This is the most fun I.ve had driving a new car in years. Learning MMI was simple compared to the first iDrive, but I wish they left the radio to be dealt with conventionally. I also can.t understand why they only offer rear Parktronic and not front. Bluetooth compatibility with my Motorola Razor falls short; it refuses to hang up and Audi has not been able to help. If the next A8 looks as nice as this, I might be tempted to move upstream. I.m an Audi man now.
Joe Lombardo, New York
Quattro is important to me because of my interstate-heavy commute. With the six-speed Tiptronic, engine response is good. Handling is superb, but I would like more steering feel at highway speeds. The ride is smooth, comfortable and quiet, and the interior is superior to anything in its class. MMI is intuitive and the navigation system is easy to use. From a styling standpoint, I love the car.
Glen B. Hardymon, Mooresville, N.C.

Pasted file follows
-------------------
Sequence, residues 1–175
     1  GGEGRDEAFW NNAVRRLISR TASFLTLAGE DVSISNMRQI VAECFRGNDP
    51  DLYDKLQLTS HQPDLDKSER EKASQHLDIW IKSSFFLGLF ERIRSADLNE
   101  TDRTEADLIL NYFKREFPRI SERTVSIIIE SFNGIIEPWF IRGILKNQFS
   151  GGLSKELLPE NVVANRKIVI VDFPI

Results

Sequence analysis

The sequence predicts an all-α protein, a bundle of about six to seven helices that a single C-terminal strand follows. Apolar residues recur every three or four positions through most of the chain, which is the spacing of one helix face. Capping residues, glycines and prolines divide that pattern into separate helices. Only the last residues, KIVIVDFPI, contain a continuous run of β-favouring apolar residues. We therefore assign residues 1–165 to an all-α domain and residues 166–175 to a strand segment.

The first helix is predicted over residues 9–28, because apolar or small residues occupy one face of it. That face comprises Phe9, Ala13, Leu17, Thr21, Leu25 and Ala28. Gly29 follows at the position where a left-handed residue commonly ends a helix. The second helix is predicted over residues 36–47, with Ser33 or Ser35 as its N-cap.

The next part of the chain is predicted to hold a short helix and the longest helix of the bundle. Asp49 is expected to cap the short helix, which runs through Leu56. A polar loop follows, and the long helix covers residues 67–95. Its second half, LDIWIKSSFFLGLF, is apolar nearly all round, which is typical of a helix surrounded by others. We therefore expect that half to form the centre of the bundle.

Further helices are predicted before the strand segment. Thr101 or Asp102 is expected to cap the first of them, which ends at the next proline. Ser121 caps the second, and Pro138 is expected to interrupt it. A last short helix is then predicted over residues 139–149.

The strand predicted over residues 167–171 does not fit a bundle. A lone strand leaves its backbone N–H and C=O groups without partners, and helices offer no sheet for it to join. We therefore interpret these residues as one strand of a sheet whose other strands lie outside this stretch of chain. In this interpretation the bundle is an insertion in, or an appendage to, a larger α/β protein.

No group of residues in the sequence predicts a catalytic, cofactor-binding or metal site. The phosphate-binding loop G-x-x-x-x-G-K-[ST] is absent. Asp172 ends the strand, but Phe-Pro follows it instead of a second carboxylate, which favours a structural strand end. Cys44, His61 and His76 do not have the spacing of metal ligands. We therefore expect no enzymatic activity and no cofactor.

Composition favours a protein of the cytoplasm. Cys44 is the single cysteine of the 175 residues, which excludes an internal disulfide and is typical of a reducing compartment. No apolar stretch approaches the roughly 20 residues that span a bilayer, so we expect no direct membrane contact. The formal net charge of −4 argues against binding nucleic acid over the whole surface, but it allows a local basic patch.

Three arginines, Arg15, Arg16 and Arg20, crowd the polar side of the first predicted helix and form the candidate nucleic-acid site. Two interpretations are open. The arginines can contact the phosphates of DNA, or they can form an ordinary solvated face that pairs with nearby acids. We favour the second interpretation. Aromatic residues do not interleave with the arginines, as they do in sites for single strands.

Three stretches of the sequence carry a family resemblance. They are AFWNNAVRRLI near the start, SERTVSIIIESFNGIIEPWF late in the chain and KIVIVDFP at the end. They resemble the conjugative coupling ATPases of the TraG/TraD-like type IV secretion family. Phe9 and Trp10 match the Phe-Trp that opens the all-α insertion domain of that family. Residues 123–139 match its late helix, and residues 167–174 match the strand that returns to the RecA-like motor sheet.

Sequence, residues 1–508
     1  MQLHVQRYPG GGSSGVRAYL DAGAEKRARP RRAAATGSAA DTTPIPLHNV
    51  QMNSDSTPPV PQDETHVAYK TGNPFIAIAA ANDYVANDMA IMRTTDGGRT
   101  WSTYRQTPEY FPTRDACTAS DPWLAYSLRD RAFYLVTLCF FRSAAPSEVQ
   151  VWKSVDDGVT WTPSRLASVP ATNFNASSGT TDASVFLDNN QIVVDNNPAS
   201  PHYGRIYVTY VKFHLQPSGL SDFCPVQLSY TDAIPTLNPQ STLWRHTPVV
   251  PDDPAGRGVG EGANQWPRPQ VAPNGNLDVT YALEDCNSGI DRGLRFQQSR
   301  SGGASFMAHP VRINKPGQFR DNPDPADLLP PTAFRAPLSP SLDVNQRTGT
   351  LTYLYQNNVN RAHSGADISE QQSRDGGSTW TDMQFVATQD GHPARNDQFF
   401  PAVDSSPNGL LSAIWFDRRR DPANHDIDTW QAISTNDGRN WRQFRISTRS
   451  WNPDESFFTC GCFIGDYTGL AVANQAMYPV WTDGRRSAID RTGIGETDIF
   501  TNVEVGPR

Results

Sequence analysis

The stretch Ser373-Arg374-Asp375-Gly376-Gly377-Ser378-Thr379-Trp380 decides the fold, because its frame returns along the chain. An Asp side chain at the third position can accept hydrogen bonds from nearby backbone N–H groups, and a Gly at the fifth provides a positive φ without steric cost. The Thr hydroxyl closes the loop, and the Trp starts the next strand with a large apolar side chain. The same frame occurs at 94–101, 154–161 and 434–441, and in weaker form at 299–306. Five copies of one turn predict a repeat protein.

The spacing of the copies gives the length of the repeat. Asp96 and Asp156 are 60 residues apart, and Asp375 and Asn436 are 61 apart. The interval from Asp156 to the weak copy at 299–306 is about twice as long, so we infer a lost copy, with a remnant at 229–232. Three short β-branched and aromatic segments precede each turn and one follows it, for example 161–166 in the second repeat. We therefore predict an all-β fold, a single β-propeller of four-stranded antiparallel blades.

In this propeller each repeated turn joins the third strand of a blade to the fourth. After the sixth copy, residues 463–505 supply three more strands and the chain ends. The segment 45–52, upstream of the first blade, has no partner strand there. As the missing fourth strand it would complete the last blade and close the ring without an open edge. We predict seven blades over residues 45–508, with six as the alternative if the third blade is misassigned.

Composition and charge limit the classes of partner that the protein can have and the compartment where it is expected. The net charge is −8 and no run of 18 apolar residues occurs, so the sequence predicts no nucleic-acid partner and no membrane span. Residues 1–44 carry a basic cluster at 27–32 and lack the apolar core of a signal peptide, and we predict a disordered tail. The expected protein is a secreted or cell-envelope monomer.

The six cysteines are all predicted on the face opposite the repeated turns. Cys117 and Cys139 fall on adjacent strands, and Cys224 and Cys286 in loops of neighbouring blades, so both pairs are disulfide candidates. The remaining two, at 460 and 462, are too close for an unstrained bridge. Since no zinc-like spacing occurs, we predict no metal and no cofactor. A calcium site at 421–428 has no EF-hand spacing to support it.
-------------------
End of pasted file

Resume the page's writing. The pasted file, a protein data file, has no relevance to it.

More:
Audi of America
3800 Hamlin Road
Auburn Hills MI 48326
Customer assistance: (800) 822-2834
Internet address: audiusa.com
Country of origin: Germany
Number of dealers: 262 (est.)
Base (includes $720 delivery): $51,220
As tested: $56,620
Owners paid; average: $57,772 to $61,000; $59,386
OPTIONS AS TESTED
Sport package, with 18-inch alloy wheels,
front sport seats, sport suspension, summer
performance tires ($1,500); navigation
system ($1,500); audio package, with Bose
sound system, Sirius satellite radio ($1,300);
advanced key ($750); voice recognition ($350)
OTHER MAJOR OPTIONS
Cold-weather package, with heated front
and rear seats, heated steering wheel, ski
sack, headlight washers ($1,050); solar